Cavet, M E; West, M; Simmons, N L

    1997-01-01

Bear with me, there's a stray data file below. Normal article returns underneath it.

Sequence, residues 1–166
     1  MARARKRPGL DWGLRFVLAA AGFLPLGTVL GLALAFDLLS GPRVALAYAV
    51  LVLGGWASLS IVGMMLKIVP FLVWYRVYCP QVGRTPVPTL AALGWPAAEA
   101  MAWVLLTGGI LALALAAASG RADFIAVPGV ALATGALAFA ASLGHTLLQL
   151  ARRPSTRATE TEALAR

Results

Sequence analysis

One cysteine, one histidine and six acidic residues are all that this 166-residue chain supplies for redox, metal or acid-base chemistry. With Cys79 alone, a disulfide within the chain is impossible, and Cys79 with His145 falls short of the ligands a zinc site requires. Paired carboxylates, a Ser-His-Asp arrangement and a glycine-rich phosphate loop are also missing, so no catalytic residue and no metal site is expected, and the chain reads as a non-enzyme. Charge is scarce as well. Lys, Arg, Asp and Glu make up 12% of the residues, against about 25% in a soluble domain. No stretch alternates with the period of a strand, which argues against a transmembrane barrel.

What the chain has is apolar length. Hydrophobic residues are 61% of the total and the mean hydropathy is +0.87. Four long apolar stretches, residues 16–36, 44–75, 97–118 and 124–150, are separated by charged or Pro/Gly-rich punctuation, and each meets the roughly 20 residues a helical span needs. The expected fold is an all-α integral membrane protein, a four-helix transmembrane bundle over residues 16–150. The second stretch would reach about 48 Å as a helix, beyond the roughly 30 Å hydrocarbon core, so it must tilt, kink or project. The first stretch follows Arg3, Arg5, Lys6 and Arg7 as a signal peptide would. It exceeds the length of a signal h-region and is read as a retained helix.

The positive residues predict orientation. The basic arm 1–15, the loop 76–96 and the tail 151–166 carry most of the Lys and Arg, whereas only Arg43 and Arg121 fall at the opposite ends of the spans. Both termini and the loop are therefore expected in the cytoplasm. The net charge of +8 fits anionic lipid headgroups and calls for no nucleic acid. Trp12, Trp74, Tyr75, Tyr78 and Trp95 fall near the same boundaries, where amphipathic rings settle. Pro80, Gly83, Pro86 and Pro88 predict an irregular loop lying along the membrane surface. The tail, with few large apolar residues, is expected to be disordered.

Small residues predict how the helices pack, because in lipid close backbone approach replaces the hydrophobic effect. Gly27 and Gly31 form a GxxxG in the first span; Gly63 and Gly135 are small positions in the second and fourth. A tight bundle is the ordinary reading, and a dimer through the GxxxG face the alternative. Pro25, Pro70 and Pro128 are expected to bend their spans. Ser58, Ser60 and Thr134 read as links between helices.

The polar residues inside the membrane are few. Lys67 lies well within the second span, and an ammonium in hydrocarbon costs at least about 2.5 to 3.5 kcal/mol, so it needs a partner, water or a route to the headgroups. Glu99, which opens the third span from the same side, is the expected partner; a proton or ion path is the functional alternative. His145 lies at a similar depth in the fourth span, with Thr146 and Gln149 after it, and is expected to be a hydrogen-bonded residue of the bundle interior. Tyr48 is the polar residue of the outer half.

Human intestinal epithelial Caco-2 cells were used to investigate the mechanistic basis of transepithelial secretion of the fluoroquinolone antibiotic ciprofloxacin. Net secretion and cellular uptake of ciprofloxacin (at 0.1 mM) were not subject to competitive inhibition by sulphate, thiosulphate, oxalate, succinate and para-amino hippurate, probenecid (10 mM), taurocholate (100 μM) or bromosulphophthalein (100 μM). Similarly tetraethylammonium and N-′methylnicotinamide (10 mM) were without effect. Net secretion of ciprofloxacin was inhibited by the organic exchange inhibitor 4,4′-diisothiocyanostilbene-2-2′-disulphonic acid (DIDS, 400 μM). Net secretion of ciprofloxacin was partially inhibited by 100 μM verapamil, whilst net secretion of the P-glycoprotein substrate vinblastine was totally abolished under these conditions. Ciprofloxacin secretion was unaltered after preincubation of cells with two anti-P-glycoprotein antibodies (UIC2 and MRK16), which both significantly reduced secretory vinblastine flux (measured in the same cell batch). Ciprofloxacin (3 mM) failed to inhibit vinblastine net secretion in Caco-2 epithelia, and was not itself secreted by the P-glycoprotein expressing and vinblastine secreting dog kidney cell line, MDCK. Net secretion and cellular uptake of ciprofloxacin (at 0.1 mM) were not subject to alterations of either cytosolic or medium pH, or dependent on the presence of medium Na+, Cl− or K+ in the bathing media. The substrate specificity of the ciprofloxacin secretory transport in Caco-2 epithelia is distinct from both the renal organic anion and cation transport. A role for P-glycoprotein in ciprofloxacin secretion may also be excluded. A novel transport mechanism, sensitive to both DIDS and verapamil mediates secretion of ciprofloxacin by human intestinal Caco-2 epithelia. PMID:9283689